By Sarah Mac Donald - 29 December, 2014
In his homily at Mass in St Mary’s Church in Westport on Sunday, the Archbishop said that Christmas is recognised as a family feast, where members of the family gather together perhaps from across the world, or endeavouring to link up by visits, phone, Skype and other means.
The senior churchman said that for the flourishing of human society the family is central as well as for the good of persons.
“Much of the dysfunction that occurs in society has its roots in the dysfunctions found in the breakup of the family today,” he stated.
Speaking about the importance of the family-founded on the marriage of a man and woman, Dr Neary said it is “the place where children can best encounter and know God: it is a school of faith and values: is where the mutual self-giving and faithfulness of husband and wife provide a secure and protected place where young life can flourish, where children can develop, mature and grow to adulthood assuming their own responsibilities as members of society”.
He said that for the Church, serving the family is one of its essential duties as well as promoting the dignity of marriage and the family.
“This becomes all the more necessary in those places where the family is suffering from internal crises or is exposed to adverse cultural, social and economic pressures which threaten its inner unity and even stand in the way of its formation,” he stated.
“While certainly conscious of and sensitive to the many complex crisis situations in which families are involved, as well as the moral frailty of every human being, the Church is convinced that she must remain absolutely faithful to the truth about human love, otherwise the Church would betray both its founder Jesus Christ and the true dignity of the human person.”
“An awareness of the beauty of marital love must be constantly renewed and safe-guarded in the face of the serious opposition which the Church meets on the part of those who advocate a false civilisation of progress.”
Assessing the give and take of marriage, he said marriage demands a depth of commitment and fidelity otherwise relationships run the risk of succumbing to the superficiality of the consumer culture as something to be kept going as long as one is getting satisfaction from it.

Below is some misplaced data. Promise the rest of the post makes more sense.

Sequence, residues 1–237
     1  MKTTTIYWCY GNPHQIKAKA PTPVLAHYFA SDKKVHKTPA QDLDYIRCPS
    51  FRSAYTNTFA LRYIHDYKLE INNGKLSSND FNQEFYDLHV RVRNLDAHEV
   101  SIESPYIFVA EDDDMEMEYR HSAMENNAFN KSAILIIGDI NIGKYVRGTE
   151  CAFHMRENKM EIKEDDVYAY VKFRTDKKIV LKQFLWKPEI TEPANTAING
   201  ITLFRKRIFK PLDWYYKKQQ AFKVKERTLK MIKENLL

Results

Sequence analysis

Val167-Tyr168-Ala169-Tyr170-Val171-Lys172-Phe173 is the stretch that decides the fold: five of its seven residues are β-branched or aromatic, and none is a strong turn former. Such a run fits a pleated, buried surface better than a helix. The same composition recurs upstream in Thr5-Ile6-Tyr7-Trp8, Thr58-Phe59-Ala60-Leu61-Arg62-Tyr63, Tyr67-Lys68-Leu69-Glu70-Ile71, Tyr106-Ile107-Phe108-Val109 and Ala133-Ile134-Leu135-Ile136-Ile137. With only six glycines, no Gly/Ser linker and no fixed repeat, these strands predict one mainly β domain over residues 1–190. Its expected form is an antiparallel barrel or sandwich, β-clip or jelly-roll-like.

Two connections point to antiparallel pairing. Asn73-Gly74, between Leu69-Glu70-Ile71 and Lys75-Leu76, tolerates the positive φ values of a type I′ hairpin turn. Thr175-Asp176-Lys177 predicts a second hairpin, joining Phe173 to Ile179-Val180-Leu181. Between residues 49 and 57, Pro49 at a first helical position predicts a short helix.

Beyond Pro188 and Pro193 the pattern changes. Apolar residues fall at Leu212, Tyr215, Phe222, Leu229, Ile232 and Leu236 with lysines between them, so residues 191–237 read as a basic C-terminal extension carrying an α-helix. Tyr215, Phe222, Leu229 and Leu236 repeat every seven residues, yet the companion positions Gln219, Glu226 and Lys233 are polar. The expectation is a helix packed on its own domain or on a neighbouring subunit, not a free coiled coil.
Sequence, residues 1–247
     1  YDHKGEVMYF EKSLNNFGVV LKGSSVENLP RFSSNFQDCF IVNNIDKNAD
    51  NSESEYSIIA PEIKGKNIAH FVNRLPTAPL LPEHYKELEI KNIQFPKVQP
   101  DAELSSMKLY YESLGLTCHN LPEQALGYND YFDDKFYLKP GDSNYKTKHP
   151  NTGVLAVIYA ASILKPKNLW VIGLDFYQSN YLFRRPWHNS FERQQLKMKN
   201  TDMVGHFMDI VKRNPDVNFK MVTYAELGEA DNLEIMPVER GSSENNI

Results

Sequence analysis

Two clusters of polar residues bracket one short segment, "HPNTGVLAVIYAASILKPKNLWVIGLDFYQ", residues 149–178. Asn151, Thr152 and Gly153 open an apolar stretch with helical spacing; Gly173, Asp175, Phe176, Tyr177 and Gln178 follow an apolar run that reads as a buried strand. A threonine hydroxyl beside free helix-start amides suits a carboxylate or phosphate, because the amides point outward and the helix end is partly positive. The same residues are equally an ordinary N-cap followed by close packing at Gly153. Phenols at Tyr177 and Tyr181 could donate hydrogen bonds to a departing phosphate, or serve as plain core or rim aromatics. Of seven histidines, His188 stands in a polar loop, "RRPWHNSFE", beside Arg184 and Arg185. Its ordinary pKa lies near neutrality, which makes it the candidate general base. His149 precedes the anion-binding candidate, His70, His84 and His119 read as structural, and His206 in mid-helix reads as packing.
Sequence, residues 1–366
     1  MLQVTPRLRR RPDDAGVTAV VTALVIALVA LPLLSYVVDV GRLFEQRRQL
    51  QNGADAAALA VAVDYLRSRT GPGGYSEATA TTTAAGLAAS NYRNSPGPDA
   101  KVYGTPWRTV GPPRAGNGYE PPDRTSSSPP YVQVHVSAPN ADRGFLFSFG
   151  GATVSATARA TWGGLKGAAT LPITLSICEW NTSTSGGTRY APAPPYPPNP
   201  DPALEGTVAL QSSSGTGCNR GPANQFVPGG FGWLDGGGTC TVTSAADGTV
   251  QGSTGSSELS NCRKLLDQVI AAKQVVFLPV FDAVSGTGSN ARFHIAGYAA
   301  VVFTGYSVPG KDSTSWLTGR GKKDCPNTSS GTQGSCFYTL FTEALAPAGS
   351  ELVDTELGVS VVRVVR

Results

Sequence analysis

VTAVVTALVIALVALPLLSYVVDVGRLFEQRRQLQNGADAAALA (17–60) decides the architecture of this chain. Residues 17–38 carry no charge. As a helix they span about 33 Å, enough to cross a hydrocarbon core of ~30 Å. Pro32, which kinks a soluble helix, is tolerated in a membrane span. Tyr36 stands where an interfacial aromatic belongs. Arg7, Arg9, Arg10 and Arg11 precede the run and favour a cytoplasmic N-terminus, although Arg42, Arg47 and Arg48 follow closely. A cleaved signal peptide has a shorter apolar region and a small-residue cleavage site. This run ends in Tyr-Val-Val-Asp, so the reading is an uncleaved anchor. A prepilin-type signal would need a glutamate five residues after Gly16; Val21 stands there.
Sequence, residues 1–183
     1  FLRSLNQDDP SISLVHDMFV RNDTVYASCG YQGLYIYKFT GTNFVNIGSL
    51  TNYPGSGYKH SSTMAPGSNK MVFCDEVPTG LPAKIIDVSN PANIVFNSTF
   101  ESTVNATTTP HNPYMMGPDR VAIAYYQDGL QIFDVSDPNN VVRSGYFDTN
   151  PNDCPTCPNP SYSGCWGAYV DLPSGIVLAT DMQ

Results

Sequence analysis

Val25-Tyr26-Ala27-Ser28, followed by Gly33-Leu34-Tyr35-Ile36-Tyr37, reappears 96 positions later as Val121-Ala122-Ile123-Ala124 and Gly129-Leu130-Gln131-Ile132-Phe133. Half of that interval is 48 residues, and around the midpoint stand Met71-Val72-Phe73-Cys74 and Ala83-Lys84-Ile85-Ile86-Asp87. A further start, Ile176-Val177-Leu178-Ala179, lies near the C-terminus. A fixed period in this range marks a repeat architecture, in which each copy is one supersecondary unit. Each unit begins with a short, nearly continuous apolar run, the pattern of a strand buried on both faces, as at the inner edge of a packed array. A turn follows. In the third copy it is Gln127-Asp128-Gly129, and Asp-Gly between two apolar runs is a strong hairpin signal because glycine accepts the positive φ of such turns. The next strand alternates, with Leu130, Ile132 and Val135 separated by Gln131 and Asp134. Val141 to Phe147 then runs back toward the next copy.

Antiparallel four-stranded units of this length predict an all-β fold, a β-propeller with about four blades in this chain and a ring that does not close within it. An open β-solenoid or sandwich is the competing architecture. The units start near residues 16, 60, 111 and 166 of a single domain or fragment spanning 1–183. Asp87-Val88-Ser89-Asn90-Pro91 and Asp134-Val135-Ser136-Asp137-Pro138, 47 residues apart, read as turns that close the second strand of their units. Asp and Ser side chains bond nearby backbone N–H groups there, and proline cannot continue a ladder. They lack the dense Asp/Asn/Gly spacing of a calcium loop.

“When pledging ourselves to someone in marriage we leave ourselves vulnerable to misunderstanding, to hurt and the possibility of rejection. When we are most generous, we are also most vulnerable.”
The Archbishop said that married couples will testify to the fact that to live faithfully in marriage requires humility, trust, compromise, communication and a sense of humour. It is a give and take experience involving hurt and forgiveness, failure and sacrifice.
But he warned that our competitive culture tends to promote aggressiveness and struggles for power. Though these are a common part of life, especially in the work place, it is all too easy for couples to bring an unhealthy competitive spirit to their marriage.
“The incredible ‘busyness’ of family life can take its toll on marriage. Daily, families are overwhelmed by the demands of work, business travel, getting to and from schools, keeping appointments, fulfilling civic responsibilities.”
“Balancing home and work responsibilities is a shared obligation for spouses. This is a critical issue facing families today. We need to examine the priorities we have for our family and compare them with how we actually spend our time.”
He said “We all make mistakes, sometimes deliberately out of anger or spite, most of the time out of ignorance or impetuosity. What we are asked is to give others a second chance. In practicing the ordinary family virtues of patience and forgiveness we are doing much more than overlooking the faults of others and giving them a second chance.”